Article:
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INTS 2302 - Global Issues - Wiebelhaus-Brahm

International and Intergovernmental Organizations

There are numerous organizations around the world that address cooperation of nations in a specific region or that have similiar commerical or political interests. Some of the most common groups are described and linked below. A much larger list can be viewed through the CIA World Factbook Appendix B.

Unfortunately, it does not provide live links to those agencies' websites. It will be necessary to search them on the Internet.

Examples of NGOs

Duke University's NGO Database may provide links to organization websites that have information on your topic.

Selecting a region or subject is a good starting point for using this database.

United Nations (UN)

The United Nations is an international organization founded in 1945 after the Second World War by 51 countries committed to maintaining international peace and security, developing friendly relations among nations, and promoting social progress, better living standards and human rights.

Due to its unique international character, and the powers vested in its founding charter, the UN can take action on a wide range of issues and provide a forum for its 193 member states to express their views through the General Assembly, the Security Council, the Economic and Social Council, and other bodies and committees.

World Bank

The World Bank is a vital source of financial and technical assistance to developing countries around the world. We are not a bank in the ordinary sense but a unique partnership to reduce poverty and support development. The World Bank Group comprises five institutions managed by their member countries.


The World Bank Open Knowledge Repository collects, disseminates, and permanently preserves its intellectual output in digital form. Coverage: Varies by type of publication.

Included in the repository are World Bank books, development reports, policy research working papers, and numerous other studies and journal articles.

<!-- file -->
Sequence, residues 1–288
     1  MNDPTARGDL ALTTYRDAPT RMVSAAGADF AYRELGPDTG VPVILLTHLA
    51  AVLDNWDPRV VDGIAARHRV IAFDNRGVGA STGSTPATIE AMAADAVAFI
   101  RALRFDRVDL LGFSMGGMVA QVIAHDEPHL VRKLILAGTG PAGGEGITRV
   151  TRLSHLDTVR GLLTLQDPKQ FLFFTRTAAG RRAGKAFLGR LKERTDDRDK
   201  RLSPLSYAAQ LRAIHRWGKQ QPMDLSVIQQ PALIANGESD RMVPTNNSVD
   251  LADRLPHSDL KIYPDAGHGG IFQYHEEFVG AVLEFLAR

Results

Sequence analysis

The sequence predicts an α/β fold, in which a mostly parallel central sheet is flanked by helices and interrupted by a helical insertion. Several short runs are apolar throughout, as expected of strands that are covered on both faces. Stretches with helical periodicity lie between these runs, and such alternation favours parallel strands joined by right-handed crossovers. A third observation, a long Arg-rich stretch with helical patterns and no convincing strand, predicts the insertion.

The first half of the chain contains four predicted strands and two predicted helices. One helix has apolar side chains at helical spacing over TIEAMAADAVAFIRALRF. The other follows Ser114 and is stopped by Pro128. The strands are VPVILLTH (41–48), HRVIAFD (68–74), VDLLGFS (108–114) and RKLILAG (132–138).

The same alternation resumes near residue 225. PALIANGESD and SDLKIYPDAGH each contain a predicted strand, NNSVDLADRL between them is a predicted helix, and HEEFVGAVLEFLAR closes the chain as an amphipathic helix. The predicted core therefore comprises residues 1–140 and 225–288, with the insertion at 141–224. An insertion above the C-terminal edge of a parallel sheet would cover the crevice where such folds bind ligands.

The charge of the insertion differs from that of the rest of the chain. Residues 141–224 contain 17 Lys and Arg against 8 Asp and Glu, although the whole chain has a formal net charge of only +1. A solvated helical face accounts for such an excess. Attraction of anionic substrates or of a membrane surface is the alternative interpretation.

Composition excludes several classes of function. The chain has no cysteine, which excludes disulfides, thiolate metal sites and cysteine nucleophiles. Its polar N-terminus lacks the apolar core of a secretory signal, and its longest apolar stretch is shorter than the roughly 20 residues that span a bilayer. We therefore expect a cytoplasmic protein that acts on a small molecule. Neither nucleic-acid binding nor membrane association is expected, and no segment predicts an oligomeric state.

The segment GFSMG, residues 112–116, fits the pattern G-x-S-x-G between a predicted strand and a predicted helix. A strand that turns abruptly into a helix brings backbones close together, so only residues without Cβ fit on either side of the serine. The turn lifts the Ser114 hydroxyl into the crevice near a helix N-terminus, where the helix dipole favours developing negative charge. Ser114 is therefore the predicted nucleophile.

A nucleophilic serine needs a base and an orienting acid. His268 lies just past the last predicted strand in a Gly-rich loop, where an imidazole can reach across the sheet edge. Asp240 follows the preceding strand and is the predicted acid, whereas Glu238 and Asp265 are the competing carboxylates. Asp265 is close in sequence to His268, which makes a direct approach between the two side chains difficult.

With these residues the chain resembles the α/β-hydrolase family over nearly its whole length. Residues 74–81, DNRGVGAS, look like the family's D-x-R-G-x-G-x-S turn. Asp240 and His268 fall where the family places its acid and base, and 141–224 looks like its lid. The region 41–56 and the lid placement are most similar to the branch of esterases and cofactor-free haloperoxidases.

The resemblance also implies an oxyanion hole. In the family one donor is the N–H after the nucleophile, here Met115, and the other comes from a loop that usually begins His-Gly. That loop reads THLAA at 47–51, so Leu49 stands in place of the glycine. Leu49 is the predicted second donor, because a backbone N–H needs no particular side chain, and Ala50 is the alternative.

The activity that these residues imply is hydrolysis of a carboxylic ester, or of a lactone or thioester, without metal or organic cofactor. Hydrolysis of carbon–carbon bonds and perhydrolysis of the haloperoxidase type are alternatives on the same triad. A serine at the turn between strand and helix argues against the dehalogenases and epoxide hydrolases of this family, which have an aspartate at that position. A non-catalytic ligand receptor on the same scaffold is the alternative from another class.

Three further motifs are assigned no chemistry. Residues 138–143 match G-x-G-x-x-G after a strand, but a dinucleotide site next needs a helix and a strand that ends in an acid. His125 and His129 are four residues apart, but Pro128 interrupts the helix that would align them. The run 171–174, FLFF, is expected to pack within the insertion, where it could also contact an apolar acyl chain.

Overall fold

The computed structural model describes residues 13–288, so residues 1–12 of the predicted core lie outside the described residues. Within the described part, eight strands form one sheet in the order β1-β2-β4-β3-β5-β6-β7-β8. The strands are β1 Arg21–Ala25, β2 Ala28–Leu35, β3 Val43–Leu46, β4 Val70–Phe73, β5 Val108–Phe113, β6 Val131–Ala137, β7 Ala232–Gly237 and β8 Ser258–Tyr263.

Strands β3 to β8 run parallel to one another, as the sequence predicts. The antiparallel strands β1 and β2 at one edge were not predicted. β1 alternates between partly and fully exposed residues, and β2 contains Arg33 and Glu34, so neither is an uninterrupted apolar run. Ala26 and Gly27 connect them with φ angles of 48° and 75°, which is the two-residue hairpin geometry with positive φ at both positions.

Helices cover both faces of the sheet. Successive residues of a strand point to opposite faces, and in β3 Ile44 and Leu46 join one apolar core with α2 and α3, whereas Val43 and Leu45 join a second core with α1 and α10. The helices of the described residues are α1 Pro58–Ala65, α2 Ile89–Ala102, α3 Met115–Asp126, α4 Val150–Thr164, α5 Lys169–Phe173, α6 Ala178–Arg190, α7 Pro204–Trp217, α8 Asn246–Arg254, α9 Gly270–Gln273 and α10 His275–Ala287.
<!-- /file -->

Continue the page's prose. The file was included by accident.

Subjects cover any topic/program given World Bank funding for research, including numerous publications on programs and issues in various parts of Latin America.

Organization of American States (OAS)

The OAS came into being in 1948 with the signing of the Charter of the OAS in Bogotá, Colombia, which entered into force in December 1951. It was subsequently amended by four protocol over the next 50 years. 

Today, the OAS brings together all 35 independent states of the Americas and constitutes the main political, juridical, and social governmental forum in the hemisphere. In addition, it has granted permanent observer status to 67 states, as well as to the European Union (EU).

Asia-Pacific Economic Cooperations (APEC)

APEC is the premier Asia-Pacific economic forum. Its primary goal is to support sustainable economic growth and prosperity in the Asia-Pacific region.

APEC is united in its drive to build a dynamic and harmonious Asia-Pacific community by championing free and open trade and investment, promoting and accelerating regional economic integration, encouraging economic and technical cooperation, enhancing human security, and facilitating a favorable and sustainable business environment. 

APEC's initiatives turn policy goals into concrete results and agreements into tangible benefits.

Asian Development Bank (ADB)

Since its founding in 1966, the Asian Development Bank has been driven by an inspiration and dedication to improving people’s lives in Asia and the Pacific.

By targeting investments wisely, in partnership with developing member countries and other stakeholders, the ADB works to alleviate poverty and help create a world in which everyone can share in the benefits of sustained and inclusive growth.

African Development Bank

Founded in 1962, the African Development Bank was designed to promote sustainable economic growth and reduce poverty in Africa. Currently membership includes 53 African nations and 25 non-African nations.

African Union

The vision of the African Union is that of "[a]n integrated, prosperous and peaceful Africa, driven by its own citizens and representing a dynamic force in global arena.”

The African Union has shifted focus from supporting liberation movements in the former African territories under colonialism and apartheid -- as designated by the Organization of African Unity since 1963 and the Constitutive Act -- to an organization spear-heading Africa’s development and integration.

Note

The descriptions of these intergovernmental organizations were taken from the organization's website, with minimal editing of the text.